The Fiat Panda may not be the most popular choice of small cars on the market, but opt for one and you might be pleasantly surprised with what you get for your money.
While it may come with a choice of petrol and diesel engines in other markets, the Fiat Panda comes with just one petrol option here in Ireland. This is the 1.2 three cylinder option with just 69bhp. You don’t even get the choice of Fiat’s smaller more spirited petrol option, the TwinAir which would suit the Panda’s character much better. The 1.2’s performance in terms of speed may not be its strong point, but around town, the Panda handles well, it’s easy to manoeuvre in tight spots and there’s a button to make the steering even lighter.
Out on the open road, the Fiat Panda shows a little heartbeat. While the engine may lack any sort of spirited driving potential, its suspension setup soaks up lumps and bumps really well. It can handle itself in the corners too and body roll is vaguely evident despite its slightly elevated appearance and feel. The 1.2 can get a bit raucous when eagerly trying to get up to cruising speeds on the motorway, but when up there, it’s not too bad. The Panda is perfectly capable and borderline fun on the road.
The Fiat Panda comes in three different trim levels Pop, Easy and Lounge. The entry level Pop does feel quite sparse and the pic of the bunch in terms of value for money is Easy trim. Refinement in the engine department is great at normal town and village speeds but above that can be a different story. Inside the cabin, the seats provide good comfort if little support. Fiats ‘squircle’ (square circles) design ethos evident throughout the cabin and is also the chosen pattern for the interior too. The driving position also feels elevated offering great visibility.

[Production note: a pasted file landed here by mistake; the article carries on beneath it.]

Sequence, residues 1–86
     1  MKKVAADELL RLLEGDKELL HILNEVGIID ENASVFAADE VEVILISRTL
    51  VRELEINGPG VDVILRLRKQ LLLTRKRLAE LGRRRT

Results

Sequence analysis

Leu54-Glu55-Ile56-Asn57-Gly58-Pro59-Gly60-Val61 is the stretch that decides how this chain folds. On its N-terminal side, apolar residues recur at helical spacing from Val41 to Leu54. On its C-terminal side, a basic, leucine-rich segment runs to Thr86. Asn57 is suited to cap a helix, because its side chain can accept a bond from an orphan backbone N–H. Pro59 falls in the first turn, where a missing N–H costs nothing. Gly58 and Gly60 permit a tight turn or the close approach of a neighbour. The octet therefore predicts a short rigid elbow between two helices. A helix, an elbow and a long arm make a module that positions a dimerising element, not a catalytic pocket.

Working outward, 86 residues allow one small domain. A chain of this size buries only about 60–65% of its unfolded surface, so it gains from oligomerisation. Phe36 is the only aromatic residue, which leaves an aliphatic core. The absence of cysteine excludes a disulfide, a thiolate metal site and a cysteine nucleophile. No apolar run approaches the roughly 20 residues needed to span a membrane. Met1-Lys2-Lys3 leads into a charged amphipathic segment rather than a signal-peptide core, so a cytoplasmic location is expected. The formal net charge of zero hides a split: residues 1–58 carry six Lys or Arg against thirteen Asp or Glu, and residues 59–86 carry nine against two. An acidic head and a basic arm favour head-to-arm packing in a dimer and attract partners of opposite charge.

While the ‘squircle’ design throughout the interior of the Panda provides a quirky fun factor, most of the materials used do not feel of a very high quality. Fiat’s have always offered a customisable interior and the Panda gets similar nice touches like a two tone dashboard to match the door cards and upholstery. Aesthetically it looks good, but feels disappointing to the touch. It’s not quite to the same standard as you will get in the likes of the Volkswagen Up! The Panda however does trump its competitors with its unique feeling of having a bigger more spacious cabin than it actually is.
The Fiat Panda scored 4/5 stars in the Euro NCAP crash test and the only reason it dropped that crucial fifth star is the fact that electronic stability control is only available as an option, which is a bit of a missed opportunity by Fiat in retrospect. Its competitors like the Skoda Citigo and Volkswagen Up! all score the full five stars. It does however get a full host of airbags and anti-lock brakes as standard.
The Panda has an upright box style design from the exterior and the seating position of the driver gives that same sense of elevation and space within the cabin. But despite the small Fiat’s airy environment it actually packs a smaller boot than the Skoda Citigo. The rear bench can cleverly be slid back or forward to create more legroom or boot space, but boot space at its max capacity is a tight 225 litres. That said, additional storage space throughout the cabin is good. Legroom is ok too whereas, there is an abundance of headspace thanks to its higher square roof design.